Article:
Release of Jessub 1.0.0

I am happy to announce the release and open-sourcing of a nifty little chainsaw of a utility. Jessub, short for Java Essbase Substitutions, is a small text-replacing utility designed specifically to update the code in a MaxL script template by replacing specialized tokens with values you specify. You can specify the values as being almost any aspect of a date, and you can specify the date as being the current date plus or minus a number of days, months, or years.

In terms of automation, you would write a batch file that calls Jessub (a single Java jar file), giving it the name of a specially formatted MaxL file, and the name of an output file. You then call the output file with the normal MaxL interpreter. This approach can be useful when you just want to drop in a quick solution without having to code custom Java against the Essbase API. The automation is also resilient to upgrades since it’s just generating plain MaxL script.

I have frequently needed to update variables based on the current day, or a set of variables based on the current day, for use with calc scripts or report scripts. For example, I might have a process that needs to set a variable on Sunday (Day 1 of the week) to a certain value, then each day of the week, set another variable to the current day of the week at the time. Then I might run a calc script that copies data from the Forecast scenario to the current day.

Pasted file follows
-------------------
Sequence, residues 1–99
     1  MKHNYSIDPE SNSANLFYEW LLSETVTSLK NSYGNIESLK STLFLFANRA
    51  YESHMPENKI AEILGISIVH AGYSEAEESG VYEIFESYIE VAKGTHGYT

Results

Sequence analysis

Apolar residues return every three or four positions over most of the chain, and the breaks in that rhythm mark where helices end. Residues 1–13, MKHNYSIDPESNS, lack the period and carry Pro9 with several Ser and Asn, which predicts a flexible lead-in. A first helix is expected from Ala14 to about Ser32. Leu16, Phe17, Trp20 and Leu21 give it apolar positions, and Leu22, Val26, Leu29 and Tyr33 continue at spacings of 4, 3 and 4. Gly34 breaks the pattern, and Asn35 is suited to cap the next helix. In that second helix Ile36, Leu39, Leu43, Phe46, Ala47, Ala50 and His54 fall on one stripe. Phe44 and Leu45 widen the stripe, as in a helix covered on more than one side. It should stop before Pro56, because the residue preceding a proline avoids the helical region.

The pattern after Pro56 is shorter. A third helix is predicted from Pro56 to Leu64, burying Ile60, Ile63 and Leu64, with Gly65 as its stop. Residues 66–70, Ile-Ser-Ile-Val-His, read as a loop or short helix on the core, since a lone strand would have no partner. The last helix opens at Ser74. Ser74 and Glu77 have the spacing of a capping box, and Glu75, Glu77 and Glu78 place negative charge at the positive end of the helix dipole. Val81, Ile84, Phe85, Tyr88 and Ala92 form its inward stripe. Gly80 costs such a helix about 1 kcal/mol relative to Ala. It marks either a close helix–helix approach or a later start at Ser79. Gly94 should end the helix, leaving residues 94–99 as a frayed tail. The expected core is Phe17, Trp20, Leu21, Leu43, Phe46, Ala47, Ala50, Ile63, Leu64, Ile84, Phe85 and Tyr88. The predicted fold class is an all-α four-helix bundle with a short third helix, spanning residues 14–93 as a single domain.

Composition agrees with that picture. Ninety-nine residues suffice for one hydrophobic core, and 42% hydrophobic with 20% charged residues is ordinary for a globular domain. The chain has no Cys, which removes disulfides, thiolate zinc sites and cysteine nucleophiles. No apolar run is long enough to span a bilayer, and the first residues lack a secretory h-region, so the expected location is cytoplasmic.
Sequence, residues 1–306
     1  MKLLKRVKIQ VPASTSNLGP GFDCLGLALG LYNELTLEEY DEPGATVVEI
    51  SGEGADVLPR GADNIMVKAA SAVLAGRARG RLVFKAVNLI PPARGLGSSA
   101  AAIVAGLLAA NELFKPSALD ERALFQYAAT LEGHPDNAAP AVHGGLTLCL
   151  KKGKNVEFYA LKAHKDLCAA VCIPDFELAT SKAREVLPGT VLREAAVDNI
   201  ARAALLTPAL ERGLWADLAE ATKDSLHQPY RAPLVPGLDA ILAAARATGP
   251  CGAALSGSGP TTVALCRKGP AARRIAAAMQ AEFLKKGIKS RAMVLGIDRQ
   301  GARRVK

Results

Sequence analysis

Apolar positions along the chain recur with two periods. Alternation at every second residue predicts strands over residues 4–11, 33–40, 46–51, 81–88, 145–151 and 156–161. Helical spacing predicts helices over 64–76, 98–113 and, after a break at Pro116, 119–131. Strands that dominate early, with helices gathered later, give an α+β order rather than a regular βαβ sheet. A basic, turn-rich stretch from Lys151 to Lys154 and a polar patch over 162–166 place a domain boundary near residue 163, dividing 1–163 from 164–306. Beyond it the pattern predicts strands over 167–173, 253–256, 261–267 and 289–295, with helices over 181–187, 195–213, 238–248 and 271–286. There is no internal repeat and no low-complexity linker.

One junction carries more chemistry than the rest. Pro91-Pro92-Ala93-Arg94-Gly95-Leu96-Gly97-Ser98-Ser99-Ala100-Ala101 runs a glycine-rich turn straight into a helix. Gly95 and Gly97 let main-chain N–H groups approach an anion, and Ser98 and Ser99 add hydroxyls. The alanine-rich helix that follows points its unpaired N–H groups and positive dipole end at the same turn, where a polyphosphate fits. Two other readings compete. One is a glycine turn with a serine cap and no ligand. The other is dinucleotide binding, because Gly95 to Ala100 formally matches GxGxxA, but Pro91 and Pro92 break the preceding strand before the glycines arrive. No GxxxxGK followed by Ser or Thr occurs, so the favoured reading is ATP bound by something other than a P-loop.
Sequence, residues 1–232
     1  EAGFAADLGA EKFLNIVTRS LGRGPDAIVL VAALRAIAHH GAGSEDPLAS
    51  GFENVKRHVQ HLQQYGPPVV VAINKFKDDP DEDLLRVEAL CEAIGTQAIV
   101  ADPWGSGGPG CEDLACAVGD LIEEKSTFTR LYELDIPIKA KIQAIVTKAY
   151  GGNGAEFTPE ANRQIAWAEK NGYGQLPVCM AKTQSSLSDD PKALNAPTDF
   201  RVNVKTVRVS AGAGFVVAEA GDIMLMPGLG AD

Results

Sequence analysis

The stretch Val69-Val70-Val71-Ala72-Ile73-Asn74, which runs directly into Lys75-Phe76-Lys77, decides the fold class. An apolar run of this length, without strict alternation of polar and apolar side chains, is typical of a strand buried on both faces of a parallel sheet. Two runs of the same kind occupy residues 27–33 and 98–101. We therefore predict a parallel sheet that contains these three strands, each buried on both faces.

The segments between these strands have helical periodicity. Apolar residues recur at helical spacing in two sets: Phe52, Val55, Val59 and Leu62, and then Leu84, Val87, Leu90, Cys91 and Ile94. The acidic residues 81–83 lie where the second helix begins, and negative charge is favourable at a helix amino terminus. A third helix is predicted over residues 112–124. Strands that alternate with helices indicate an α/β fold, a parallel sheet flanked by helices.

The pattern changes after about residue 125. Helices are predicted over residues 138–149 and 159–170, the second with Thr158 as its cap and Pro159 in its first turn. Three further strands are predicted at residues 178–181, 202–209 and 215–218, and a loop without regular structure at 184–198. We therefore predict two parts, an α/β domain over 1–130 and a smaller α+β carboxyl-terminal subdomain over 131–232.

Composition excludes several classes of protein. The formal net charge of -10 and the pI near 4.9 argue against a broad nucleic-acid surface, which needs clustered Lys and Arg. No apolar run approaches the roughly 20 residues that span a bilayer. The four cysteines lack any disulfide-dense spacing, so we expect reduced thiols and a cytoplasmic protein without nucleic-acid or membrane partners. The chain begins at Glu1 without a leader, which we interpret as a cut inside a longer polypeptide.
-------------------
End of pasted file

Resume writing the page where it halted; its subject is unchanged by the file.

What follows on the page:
Jessub provides the entire spectrum of options available to the String.format() method in Java. Essentially, you can pull out almost any aspect of the date. Combined with small format codes to roll the days/months/years forward/backward, you can generate almost any date or relative date that you need. No more getting up on the weekends to update substitution variables!

Jessub is the evolution of many similar one-off tools I have created in the past. It is generic, robust, and easy to use. I always say that a good administrator is a lazy administrator, so I hope anyone interested out there can put this to good use. The entire code base is licensed under the liberal Apache License 2.0, so you are essentially free to take the code (should be so inclined) and do absolutely anything you want to it. Although my hope is that if you find it useful, you will let me know and suggest improvements.

Jessub can be found at its project site, where you can find documentation, examples, browse the code, and a runnable JAR download file (with documentation as well). Please enjoy this free (as in speech and as in beer) utility.